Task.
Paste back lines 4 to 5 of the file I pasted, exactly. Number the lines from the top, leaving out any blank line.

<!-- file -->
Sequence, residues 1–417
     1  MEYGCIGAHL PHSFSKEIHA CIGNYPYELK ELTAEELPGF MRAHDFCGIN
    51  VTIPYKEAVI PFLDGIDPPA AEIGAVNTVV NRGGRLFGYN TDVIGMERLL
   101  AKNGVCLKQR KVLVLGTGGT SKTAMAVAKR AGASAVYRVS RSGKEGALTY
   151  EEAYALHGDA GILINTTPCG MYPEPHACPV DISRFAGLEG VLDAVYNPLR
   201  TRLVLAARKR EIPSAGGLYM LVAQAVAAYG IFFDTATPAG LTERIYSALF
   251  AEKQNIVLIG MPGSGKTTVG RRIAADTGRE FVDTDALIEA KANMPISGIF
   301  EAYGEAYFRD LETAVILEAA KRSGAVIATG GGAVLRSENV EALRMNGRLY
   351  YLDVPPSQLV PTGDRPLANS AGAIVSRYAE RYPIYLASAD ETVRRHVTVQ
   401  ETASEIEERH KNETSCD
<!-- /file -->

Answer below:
   101  AKNGVCLKQR KVLVLGTGGT SKTAMAVAKR AGASAVYRVS RSGKEGALTY
   151  EEAYALHGDA GILINTTPCG MYPEPHACPV DISRFAGLEG VLDAVYNPLR